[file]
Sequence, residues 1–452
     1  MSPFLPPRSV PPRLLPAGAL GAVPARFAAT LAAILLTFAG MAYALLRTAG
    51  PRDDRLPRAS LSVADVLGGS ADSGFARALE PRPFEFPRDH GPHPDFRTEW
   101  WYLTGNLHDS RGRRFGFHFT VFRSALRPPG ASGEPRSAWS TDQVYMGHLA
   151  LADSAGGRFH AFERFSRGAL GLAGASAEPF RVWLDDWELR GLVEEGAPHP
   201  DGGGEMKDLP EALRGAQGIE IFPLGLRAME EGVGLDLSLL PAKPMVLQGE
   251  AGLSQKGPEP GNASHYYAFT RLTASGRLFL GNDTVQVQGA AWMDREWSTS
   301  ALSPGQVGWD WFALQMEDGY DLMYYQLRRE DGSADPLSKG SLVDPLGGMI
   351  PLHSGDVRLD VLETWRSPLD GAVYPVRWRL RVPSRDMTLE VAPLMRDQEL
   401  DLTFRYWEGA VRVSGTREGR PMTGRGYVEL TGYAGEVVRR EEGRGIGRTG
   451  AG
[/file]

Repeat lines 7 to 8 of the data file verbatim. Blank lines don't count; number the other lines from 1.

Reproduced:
   251  AGLSQKGPEP GNASHYYAFT RLTASGRLFL GNDTVQVQGA AWMDREWSTS
   301  ALSPGQVGWD WFALQMEDGY DLMYYQLRRE DGSADPLSKG SLVDPLGGMI